U.S.A.-grown organic cotton has the lowest carbon footprint of all the major fibers (cotton, hemp and polyester) used for making shirts. Its carbon footprint is 61% lower than conventionally grown cotton, 35% lower than imported organic cotton and 76% lower than polyester1. However, even U.S.A.-grown organic cotton still generates a small carbon footprint. This carbon footprint is offset completely by Zero Carbon®LLC by purchasing verified, incremental carbon offsets2. The total lifetime carbon footprint of a T-shirt is about twice that of making it. This extra carbon footprint is caused by washing and drying the shirt over its lifetime3. This entire lifetime carbon footprint is completely offset by the carbon offsets purchased by Zero Carbon®LLC.
So you can feel great about buying this T-shirt because it has a zero carbon footprint over its entire lifetime! We believe it is the world’s first zero carbon clothing.
Zero dyes. Zero bleach. Zero carbon.
All cotton. All organic. All made in the USA.
Soft on your skin
Soft on your planet™
Zero Carbon®Clothing Co.
1. Ecological Footprint and Water Analysis of Cotton, Hemp and Polyester. Nia Cherrett, John Barrett, Alexandra Clemett, Matthew Chadwick, and M.J. Chadwick, 2005. Study conducted by the Stockholm Environmental Institut.
2. These carbon offsets fund a project to capture methane gas that would otherwise leak into the atmosphere from exposed coal seams on the Southern Ute Indian reservations in Utah. Even the carbon offsets support American jobs and communities! Methane gas is 25 times stronger than carbon dioxide in causing global warming. These carbon offsets are audited and verified to be real and incremental by Cool Effects™. Verified incremental means that the carbon offset would not have happened without this program. This is in contrast to many carbon offsets that rely on planting trees in rainforests to capture carbon dioxide out of the atmosphere. Reforestation programs are often not truly incremental because trees naturally seed and regrow, especially in a rainforest. So planting trees does not necessarily result in capturing more carbon dioxide from the atmosphere than would happen naturally. The Southern Ute Indian methane capture project is 100% incremental because if the Tribe did not capture the methane it would leak into the atmosphere and cause global warming.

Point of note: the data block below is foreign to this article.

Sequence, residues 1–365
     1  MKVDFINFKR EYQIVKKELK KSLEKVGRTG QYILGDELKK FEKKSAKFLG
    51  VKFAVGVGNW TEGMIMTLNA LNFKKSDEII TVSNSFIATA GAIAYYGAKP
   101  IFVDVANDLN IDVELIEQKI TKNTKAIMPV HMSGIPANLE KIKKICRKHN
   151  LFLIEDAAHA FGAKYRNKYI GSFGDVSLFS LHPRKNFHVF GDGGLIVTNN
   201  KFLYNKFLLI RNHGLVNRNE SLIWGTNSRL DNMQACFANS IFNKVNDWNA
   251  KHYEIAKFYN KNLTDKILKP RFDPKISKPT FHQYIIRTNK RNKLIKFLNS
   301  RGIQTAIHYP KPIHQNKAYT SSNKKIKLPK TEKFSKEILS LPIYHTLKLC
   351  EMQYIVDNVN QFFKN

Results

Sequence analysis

3. Mapping of Evidence on Sustainable Development Impacts that Occur in the Lifecycles of Clothing.Carbon Trust and BCG Analysis, DEFRA, 2007. Institute for Sustainable Resources, Queensland University of Technology.
If you want to reduce your secondary carbon footprint (in other words the carbon footprint caused by the products you buy rather than the carbon footprint caused by heating your home or driving your car) then you need to start buying products with a zero-carbon footprint, or at least ones with the lowest possible carbon footprint that still get the job done for you.
The secondary footprint comes in two parts:
Part 1 is the carbon footprint of making, selling and delivering the product to you, and
Part 2 is the carbon footprint of using the product over its lifetime
You may think that part 2 is so small as to be ignored. Surely the biggest carbon footprint is in making the product, right? Sometimes yes, but often no. For instance, building a house is expensive and it creates a high carbon footprint from making concrete for the foundation, glass for the windows and copper for the wiring. Building scientists have estimated that the embodied carbon footprint of a house (i.e., how much carbon dioxide is emitted by building the house) is approximately equal to the carbon footprint caused by heating and cooling the house over its lifetime. At the other end of the spectrum, scientists have estimated that the carbon footprint caused by washing and drying a T-shirt over its lifetime is approximately equal to that of making the T-shirt. What we really care about is the lifetime carbon footprint.
There are very few products today that have a zero-carbon footprint. Zero Carbon LLC has introduced one, a T-shirt with a lifetime carbon footprint of zero. Since everyone needs T-shirts, buying one of these instead of buying a “fast-fashion” T-shirt is a great way to reduce your secondary carbon footprint. However, the first priority is to cut your primary carbon footprint and the best way to do that is to implement the fab four on your house. I.e., install 12” of fiberglass insulation in your attic and in the ceiling of your basement, replace your AC units with heat pumps, install single or double-glazed windows with triple-glazed windows when you are replacing your windows and install solar panels on your roof.